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Live Reviews

LICE – The Hope & Ruin, Brighton
LICE

The Hope & Ruin, Brighton
The Magic Numbers – The Old Market, Hove
The Magic Numbers

The Old Market, Hove
Amber Run – Green Door Store
Amber Run

Green Door Store, Brighton
Frank Turner – The Roundhouse, London
Frank Turner

The Roundhouse, London


Most Popular Articles

Album Reviews

Mt. Desolation - When the Night Calls

Mt. Desolation – When the Night Calls

While Keane frontman Tom Chaplin has been performing sappy Christmas songs during the band’s hiatus, other Keane members Tim Rice-Oxley and Jesse Quin formed the country band Mt. Desolation. Their first album, the eponymous Mt. Desolation, explored the worlds of blues and country with the help of members of Mumford and Sons, Noah and the Whale and The Staves to middling results. This time they’re going it alone, with the help of extended Mt. Desolation family Phil Renna, Fimbo and Philip Scott-Ilsoe, to create When the Night Calls, their first record in eight years, which, for the most part, continues the run-of-the-mill formula set by the first record. It’s more of the same from the duo: safe country-pop, dominated by themes of love, loss and independence. As a record, it’s not that it’s bad, it just seems to lack any sense of purpose or ambition.

Jo Passed - Their Prime

Jo Passed – Their Prime

Dreamy rock and roll hailing from Vancouver, Jo Passed have certainly been busy with their debut release. Their Prime is an 11-piece record which is able to simultaneously transport you from the most uplifting places yet concurrently combines its dreamy tones with far darker aspects of the human mind. Fronted by Jo herself, this is one debut which will leave an undoubted lasting impression for this band.

Snow Patrol - Wildness

Snow Patrol – Wildness

Mainstream indie favourites Snow Patrol have returned with their first album in seven years, following 2011’s Fallen Empires with Wildness. It finds the band, particularly frontman Gary Lightbody, delving into exceptionally personal ground as the band search for lucidity, affinity, and the true meaning, as Lightbody dedicates songs to his father, his godchildren and his friends. Seven years in the making, this feels like an intimate project, detailing and outlying the frontman’s life in the last decade in an emotional, yet surprisingly euphoric record, that has a lot more elasticity and resilience than you’d expect.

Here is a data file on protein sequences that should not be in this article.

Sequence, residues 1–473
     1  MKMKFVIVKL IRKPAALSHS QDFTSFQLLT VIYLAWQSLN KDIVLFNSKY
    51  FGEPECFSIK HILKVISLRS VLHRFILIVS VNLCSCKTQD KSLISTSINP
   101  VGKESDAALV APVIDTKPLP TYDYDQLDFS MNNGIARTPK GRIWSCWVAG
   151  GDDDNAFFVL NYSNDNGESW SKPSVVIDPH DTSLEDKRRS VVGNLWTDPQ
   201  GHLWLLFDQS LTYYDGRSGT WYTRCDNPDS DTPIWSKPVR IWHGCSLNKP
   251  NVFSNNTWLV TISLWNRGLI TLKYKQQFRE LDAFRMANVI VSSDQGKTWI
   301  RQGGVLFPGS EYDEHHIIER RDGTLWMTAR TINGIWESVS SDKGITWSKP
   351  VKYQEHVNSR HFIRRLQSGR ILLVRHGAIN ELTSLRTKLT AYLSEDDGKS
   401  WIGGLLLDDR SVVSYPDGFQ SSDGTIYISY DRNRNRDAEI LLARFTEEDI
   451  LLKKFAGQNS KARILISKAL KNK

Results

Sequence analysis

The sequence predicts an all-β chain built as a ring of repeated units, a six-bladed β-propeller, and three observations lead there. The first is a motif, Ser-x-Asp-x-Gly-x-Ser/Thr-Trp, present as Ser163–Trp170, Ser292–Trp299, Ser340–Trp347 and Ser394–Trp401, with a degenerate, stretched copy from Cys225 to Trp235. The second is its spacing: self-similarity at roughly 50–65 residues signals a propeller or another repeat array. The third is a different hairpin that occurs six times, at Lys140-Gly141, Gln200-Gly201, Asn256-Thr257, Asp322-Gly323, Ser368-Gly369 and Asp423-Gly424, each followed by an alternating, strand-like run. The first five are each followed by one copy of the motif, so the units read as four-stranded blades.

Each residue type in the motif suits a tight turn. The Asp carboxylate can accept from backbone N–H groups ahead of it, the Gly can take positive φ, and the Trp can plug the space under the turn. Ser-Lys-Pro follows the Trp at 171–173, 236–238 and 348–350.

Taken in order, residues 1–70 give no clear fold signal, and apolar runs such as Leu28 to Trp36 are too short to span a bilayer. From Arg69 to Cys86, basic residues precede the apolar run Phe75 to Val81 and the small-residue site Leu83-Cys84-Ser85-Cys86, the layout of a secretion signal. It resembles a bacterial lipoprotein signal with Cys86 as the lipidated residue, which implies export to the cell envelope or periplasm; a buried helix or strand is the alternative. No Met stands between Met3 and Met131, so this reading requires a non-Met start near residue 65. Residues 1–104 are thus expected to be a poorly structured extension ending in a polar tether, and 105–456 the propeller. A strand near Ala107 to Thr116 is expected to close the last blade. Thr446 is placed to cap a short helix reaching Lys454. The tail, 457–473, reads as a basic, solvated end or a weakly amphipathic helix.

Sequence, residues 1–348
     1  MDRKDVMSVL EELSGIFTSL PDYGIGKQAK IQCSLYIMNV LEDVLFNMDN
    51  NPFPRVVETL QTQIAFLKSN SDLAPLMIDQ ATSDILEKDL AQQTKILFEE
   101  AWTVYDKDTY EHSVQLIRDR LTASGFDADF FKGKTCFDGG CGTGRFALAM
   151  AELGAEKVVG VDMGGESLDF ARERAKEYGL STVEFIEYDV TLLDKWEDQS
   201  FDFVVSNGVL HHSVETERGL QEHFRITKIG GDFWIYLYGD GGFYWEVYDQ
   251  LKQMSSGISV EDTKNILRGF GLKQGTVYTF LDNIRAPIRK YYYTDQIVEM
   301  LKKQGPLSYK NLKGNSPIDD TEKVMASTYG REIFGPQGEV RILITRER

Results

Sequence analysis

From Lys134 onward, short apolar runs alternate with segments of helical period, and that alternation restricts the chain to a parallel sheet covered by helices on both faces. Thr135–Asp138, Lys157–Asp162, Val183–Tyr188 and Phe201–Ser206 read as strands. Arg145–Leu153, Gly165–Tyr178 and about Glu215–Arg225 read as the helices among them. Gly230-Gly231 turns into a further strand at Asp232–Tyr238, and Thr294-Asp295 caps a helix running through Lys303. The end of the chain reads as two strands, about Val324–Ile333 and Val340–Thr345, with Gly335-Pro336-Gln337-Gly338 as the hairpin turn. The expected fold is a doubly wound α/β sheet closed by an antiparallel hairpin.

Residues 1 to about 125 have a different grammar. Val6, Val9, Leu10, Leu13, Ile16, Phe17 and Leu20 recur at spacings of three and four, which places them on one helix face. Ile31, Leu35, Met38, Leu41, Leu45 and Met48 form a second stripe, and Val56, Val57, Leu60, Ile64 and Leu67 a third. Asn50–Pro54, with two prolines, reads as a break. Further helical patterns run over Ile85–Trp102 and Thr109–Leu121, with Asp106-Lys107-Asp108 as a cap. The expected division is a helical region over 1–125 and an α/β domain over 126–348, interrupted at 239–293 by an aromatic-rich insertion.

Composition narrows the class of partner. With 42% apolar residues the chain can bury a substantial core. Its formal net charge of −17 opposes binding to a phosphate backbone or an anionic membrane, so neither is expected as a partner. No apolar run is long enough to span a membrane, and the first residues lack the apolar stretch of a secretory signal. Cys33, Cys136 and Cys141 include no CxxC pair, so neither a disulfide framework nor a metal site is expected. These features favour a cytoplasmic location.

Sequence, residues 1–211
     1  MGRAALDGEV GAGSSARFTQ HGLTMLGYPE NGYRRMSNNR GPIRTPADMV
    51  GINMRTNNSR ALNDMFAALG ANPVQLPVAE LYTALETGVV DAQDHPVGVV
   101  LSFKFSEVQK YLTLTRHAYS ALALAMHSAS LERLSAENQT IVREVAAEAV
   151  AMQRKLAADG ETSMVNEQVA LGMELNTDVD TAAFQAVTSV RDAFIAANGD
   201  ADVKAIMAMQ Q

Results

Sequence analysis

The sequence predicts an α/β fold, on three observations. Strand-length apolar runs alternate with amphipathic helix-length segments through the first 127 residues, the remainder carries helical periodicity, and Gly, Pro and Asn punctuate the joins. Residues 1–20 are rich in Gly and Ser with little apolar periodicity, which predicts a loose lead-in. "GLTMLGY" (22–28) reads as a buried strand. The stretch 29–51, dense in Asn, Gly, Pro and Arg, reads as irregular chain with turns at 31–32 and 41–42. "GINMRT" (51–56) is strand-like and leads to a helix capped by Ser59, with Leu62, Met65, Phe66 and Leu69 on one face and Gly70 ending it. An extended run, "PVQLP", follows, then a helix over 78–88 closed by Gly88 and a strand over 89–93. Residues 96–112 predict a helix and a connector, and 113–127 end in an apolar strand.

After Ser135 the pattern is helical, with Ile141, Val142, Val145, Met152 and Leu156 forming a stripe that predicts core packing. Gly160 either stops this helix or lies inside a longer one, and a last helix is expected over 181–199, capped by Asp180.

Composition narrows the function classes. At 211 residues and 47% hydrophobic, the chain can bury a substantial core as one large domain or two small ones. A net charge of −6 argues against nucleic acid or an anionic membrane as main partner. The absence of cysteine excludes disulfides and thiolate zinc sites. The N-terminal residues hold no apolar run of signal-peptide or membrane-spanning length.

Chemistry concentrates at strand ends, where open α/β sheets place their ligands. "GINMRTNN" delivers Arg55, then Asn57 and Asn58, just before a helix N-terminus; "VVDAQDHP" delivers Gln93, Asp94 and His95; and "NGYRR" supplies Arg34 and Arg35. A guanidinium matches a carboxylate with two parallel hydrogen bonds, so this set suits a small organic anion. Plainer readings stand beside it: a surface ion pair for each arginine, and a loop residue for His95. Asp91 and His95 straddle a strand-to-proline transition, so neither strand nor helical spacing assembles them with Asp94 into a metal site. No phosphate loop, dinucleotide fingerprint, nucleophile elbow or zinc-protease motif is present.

Stephen Malkmus & The Jicks – Sparkle Hard

Stephen Malkmus & The Jicks – Sparkle Hard

Putting on Sparkle Hard for the first time last week I felt this strange sense of comforting familiarity. As someone who was unabashedly obsessed with Pavement’s last album Terror Twilight at the tail-end of the 90s, checking out Stephen Malkmus in 2018 makes me feel like the prodigal son, welcomed home and treated to a smorgasbord of goodies that I really don’t deserve. This album is phenomenal in its scope, it seems a crystallisation of everything that was great about Malkmus’ idiosyncratic writing in Pavement, but taken to transcendent soaring heights. Just listen to those strings on ‘Solid Silk’, alongside the soft retro synth-flute tones – it’s an album that sounds like it could have been made during a different era within the music industry; when interesting progressive rock bands decamped to posh studios for months on end, labouring over their overdubs and drafting in session musicians of every sort to turn their acid-fuelled bonkers ideas into wide-screen epics of Sgt. Pepper proportions.

Charles Watson – Now That I’m a River

Charles Watson – Now That I’m a River

Charles Watson departs from Slow Club’s indie-pop sound on his self-produced debut solo album. Presenting us instead with sophisticated retro pop that borrows sonic chops from Tame Impala’s Kevin Parker, and a bit of Grizzly Bear’s Chris Taylor, whilst also looking further back to 70s folk and Americana for inspiration. Its mostly mellow and melancholic vibes are well suited to a lazy summer's afternoon, shading from the sun.

Courtney Barnett - Tell Me How You Really Feel

Courtney Barnett – Tell Me How You Really Feel

Courtney Barnett is back! The queen of observational slacker rock has taken a much darker turn on her second record, Tell Me How You Really Feel. The Aussie artist, who has released an album with Kurt Vile as well as touring with her girlfriend Jen Cloher in the last year, has released a record that sees her impassioned and as exposed as she’s ever been.

Ash – Islands

Ash – Islands

With just two records released in the past 10 years Irish rockers, Ash, have returned with their latest studio album, Islands. A nostalgic 12 track record which will transport you directly back into the era of naughties rock and powerhouse ballads. Ash have been going since 1992, but here they are proving that they still have a lot to say, arming themselves with the full power and ferocity of the electric guitar.

Parquet Courts – Wide Awake!

Parquet Courts – Wide Awake!

Before Wide Awake! was officially announced, Parquet Courts’ Andrew Savage had stated that their new album would be full of “Rippers”. Parquet Courts’ typical sounds of underproduction have been swapped for something more stereo. Now we have the final product, does it rip? Indeed it does, whatever that means.

Beach House – 7

Beach House – 7

7 is the seventh album from beloved Baltimore indie duo Beach House. 7 supposedly puts a bookend on the band’s previous output, starting anew. The new refreshed Beach House won’t shock you with a change-up of style so much; instead 7 sees a looser style for the band with denser instrumentation and a relaxed attitude that is prevalent throughout the album.


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